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My neighbors goats keep coming on to my property, and they are tearing up my fence. is there a law regarding this?

Grangeville, ID |

the goats are also tearing up my fence, and eating my rose bushes. i have aske her over 7 time to keep them out of my yard. now her cow is pushing my fence down. i have horses i have to keep in my fence and her children are rigging my fence so the goats can come eat on my property. i also have no tresspassing signs up. there is 6 to 8 goats that are coming across my fence. when we first told her about the goats coming over here she said to just shoot them with a BB gun and they will run home. they are coming over here atleast twice a day. is there anything i can do about this? i am very irritated at this point. please let me know what my legal options are

Attorney Answers 2


  1. In answering your question, my first thought was to look on-line for some good goat meat recipes. So, do an internet search yourself and see what you can find. After a year in Afghanistan with the military, I realized that there are a lot of good ways to cook goat and if done properly can be rather tasty.

    Then, of course, I figure it is important to let you know that you cannot harm these animals just because they come onto your property. More than likely, you could end up in jail. So here is what you do.

    First of all, give your neighbors notice in writing via certified mail telling them that their animals are coming onto your property and causing damage. Give them details of your previous efforts to solve the problem and relate the damages to date. Inform them that they will be responsible for any and all property damage. You will need to keep a copy of the letter and the return mail receipt.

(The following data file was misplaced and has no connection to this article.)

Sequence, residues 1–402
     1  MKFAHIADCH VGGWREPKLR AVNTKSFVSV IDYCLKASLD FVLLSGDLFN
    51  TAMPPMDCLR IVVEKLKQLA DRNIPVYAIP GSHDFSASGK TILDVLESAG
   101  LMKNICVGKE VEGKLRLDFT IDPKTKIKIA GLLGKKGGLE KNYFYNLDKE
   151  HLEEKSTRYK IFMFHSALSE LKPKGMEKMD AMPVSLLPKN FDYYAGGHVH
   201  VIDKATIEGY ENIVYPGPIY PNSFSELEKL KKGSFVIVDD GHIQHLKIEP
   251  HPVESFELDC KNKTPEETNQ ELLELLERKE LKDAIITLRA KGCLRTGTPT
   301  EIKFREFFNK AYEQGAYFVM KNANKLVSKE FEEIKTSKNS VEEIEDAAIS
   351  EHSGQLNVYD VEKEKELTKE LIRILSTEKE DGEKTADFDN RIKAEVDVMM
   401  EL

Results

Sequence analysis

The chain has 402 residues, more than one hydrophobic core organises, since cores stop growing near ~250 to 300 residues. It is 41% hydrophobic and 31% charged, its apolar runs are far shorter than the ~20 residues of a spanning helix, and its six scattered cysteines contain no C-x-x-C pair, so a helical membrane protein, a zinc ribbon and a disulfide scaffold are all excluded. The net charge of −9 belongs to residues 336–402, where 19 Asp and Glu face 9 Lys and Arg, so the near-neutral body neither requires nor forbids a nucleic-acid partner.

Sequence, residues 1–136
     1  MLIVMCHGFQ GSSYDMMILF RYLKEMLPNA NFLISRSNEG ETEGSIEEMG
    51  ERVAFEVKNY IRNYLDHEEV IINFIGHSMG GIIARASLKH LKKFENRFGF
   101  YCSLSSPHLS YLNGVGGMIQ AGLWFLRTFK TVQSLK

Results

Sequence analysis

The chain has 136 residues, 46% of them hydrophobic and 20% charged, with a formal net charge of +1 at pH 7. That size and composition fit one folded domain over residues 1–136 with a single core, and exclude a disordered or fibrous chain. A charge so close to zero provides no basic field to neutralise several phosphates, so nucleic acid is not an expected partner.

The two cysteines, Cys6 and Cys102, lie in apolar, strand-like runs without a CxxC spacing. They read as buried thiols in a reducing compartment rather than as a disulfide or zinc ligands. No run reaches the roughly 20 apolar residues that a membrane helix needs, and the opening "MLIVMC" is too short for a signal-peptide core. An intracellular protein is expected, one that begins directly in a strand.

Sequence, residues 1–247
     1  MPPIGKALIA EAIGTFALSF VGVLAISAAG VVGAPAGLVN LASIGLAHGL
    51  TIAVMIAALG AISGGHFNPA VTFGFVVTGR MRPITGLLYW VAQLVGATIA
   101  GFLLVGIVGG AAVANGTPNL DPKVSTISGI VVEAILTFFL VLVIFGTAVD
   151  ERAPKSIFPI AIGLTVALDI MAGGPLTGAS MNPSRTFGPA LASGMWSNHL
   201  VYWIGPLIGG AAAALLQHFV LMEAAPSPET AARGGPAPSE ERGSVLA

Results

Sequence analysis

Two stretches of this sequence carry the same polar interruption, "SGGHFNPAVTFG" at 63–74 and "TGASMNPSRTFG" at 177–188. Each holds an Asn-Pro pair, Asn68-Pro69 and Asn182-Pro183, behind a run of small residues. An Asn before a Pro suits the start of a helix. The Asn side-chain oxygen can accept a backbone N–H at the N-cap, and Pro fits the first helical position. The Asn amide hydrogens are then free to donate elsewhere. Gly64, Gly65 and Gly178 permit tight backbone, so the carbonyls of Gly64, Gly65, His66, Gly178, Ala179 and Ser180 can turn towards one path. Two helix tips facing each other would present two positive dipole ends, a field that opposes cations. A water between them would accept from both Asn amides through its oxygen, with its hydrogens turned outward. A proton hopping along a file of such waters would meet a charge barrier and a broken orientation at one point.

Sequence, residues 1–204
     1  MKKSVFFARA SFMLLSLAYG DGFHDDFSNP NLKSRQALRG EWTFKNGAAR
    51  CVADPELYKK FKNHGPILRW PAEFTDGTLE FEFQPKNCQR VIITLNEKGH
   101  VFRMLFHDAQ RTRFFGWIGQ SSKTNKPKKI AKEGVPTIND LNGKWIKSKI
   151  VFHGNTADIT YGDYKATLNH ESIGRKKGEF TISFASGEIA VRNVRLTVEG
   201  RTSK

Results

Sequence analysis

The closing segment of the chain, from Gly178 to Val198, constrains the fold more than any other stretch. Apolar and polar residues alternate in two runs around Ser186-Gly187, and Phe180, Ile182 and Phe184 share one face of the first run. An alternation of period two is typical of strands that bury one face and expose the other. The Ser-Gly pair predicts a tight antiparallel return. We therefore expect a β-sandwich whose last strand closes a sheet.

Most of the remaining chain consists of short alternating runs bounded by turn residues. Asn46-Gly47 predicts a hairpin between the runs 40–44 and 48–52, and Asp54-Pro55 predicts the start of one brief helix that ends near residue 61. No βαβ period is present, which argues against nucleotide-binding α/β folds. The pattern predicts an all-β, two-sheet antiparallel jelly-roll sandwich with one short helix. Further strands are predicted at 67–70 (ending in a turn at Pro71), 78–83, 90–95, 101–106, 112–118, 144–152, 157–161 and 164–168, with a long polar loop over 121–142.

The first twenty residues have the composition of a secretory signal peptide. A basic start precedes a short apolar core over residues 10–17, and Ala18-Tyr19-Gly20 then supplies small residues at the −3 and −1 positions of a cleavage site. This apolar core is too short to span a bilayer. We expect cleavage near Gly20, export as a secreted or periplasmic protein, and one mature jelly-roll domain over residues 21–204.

Then, every time the goats come onto your property, call your local sheriff's department and animal control. Most states have laws about animals not being under the owner's control. Additionally, most counties have animal control ordinances which include fines and the eventual destruction of the animals. Eventually, your neighbors will get tired of getting animal control citations and having their animals taken to the local animal shelter.

    You also need to document all property damage caused by both the animals and the children next door. The best way to do this is to take before and after pictures of the fences and plants.

    If there has been property damage and you have evidence of such, you then need to get a written valuation of the damages. Normally, this is done by an expert who repairs or replaces the damaged items. Then you can file a lawsuit in small claims court.

    However, above all else, you need to consult with and hire a local attorney to discuss your rights and options further.


  2. I agree with my colleague. I only add that you should take pictures/video of the goats and children on your property while you are calling the police/animal control, preferably with a camera that has a date and time stamp.

    Good luck.

    If we do not have a signed fee agreement I am not your attorney and this is not legal advice.